Monday, June 11, 2018

Geithner Wimps Out on PRC Currency Manipulation

The US Treasury is mandated by Congress to make biannual reports on the currency practices of America's trading partners. Just yesterday, the Treasury released its first report under the leadership of Secretary Geithner. As you are well aware, Geithner caused a ruckus in US-China trade relations by reiterating his boss Barack Obama's opinion that China was a currency manipulator [1, 2]. As I have pointed out again and again, he was not expressing his own opinion but that of Obama. Why is this difference important? Well, let's look at the statement of Geithner accompanying the latest report as to why China hasn't been branded a currency manipulator yet again:

With respect to China, which has been highlighted in the Report in recent years, our conclusion is based on the following factors. First, China has taken steps to enhance exchange rate flexibility. Chinese officials reaffirmed in January 2009 their commitment to greater flexibility and the need to allow the exchange rate to adapt to an equilibrium level. Second, the Chinese currency appreciated by 16.6 percent in real effective terms between the end of June 2008 and the end of February 2009. As the crisis intensified, the currency appreciated slightly against the dollar when most other emerging market and other currencies fell sharply against the dollar. Third, official statistics suggest the pace of China's foreign exchange reserve accumulation slowed in the fourth quarter of last year. Fourth, China has enacted a large fiscal stimulus package – second in size to that of the United States in the G-20 – which should help spur domestic demand growth and rebalance the Chinese economy. Even so, Treasury remains of the view that the renminbi is undervalued.

Given China's large and rapid increase in its current account surplus, these steps should be just a beginning to a series of policy steps to rebalance the Chinese economy so that economic growth is more dependent on domestic demand, particularly private consumption.
I have taken pains to explain why the US engaging in a trade war with China is actually desirable as the former would set into motion a process by which the US is disciplined via losing China as effective lender of last resort [1, 2]. Again, I consider the US hitting China with punitive legislation on an undervalued currency quite frankly ridiculous in that there is virtually no chance of it coming out ahead. Nevertheless, I am chuffed to note that many others--including Obama supporters who feel abandoned--are readying legislation to "punish" China. From Bloomberg:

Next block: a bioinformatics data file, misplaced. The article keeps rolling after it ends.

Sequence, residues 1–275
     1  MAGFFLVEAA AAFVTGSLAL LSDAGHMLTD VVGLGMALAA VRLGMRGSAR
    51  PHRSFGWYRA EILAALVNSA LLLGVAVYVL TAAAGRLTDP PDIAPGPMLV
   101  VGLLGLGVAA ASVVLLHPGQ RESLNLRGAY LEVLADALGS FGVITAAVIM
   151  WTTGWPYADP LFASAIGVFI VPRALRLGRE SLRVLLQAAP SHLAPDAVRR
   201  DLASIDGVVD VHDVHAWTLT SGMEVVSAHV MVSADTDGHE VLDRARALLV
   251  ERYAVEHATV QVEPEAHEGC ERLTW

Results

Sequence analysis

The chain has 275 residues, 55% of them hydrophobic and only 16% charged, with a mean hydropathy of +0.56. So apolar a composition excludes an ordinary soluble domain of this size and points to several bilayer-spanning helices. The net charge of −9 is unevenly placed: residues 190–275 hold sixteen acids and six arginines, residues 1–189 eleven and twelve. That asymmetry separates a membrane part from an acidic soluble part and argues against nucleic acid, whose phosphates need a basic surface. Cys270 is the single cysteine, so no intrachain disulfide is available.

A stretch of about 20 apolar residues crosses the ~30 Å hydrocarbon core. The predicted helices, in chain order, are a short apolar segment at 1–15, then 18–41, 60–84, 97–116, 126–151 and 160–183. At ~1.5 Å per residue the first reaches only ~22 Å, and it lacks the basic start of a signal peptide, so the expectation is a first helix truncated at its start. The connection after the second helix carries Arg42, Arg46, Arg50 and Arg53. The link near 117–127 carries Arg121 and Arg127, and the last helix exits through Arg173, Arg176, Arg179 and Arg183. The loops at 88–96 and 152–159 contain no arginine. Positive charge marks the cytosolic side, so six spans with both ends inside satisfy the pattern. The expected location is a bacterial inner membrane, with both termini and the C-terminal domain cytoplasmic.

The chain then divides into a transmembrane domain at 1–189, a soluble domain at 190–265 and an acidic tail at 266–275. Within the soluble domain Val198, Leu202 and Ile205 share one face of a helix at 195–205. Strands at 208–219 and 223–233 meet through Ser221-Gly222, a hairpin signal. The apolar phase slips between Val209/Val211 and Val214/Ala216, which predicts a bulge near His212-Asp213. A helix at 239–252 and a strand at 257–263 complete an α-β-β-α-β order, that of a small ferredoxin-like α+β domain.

The conclusion clashes with Geithner’s January 22 statement to a Senate panel that President Barack Obama “believes that China is manipulating its currency.” [I wish they'd stop repeating this fallacy as they aren't one in the same person.] The shift may anger U.S. lawmakers, companies and trade unions who have sought measures to punish nations perceived to have undervalued exchange rates.

“Clearly the Treasury has made more of a political decision than an economic decision here,” Republican Senator Lindsey Graham of South Carolina said in a Bloomberg Television interview. “The truth is the Chinese manipulate their currency.” Graham was a co-sponsor of a 2007 measure that would have allowed U.S. companies to ask for steeper tariffs against goods coming from countries found to have misaligned currencies.

Democratic Senator Charles Schumer of New York, another sponsor of that bill, said he would reintroduce it. “We are relying on the administration, as market conditions clear up, to keep China’s feet to the fire on this issue,” Schumer said in a statement. “To continue the effort on this front, we intend to reintroduce our legislation.”

The U.S. Business and Industry Council, which represents domestic manufacturing companies, said the decision not to label China as a currency manipulator “breaks a major commitment candidate Obama made last year to fight Chinese exchange-rate protectionism.”
Obama's "China Currency Coalition" colleagues are now expressing understandable displeasure over his finance minister coddling these trade evildoers, having hoped for much more. Although I am generally appalled by their agenda, I think they have legitimate grievances over representation of interests. They're baying for a US-China showdown at the Trade OK Corral; well so am I. They think they can come out ahead while I certainly don't think so. I guess there's only one way to find out.

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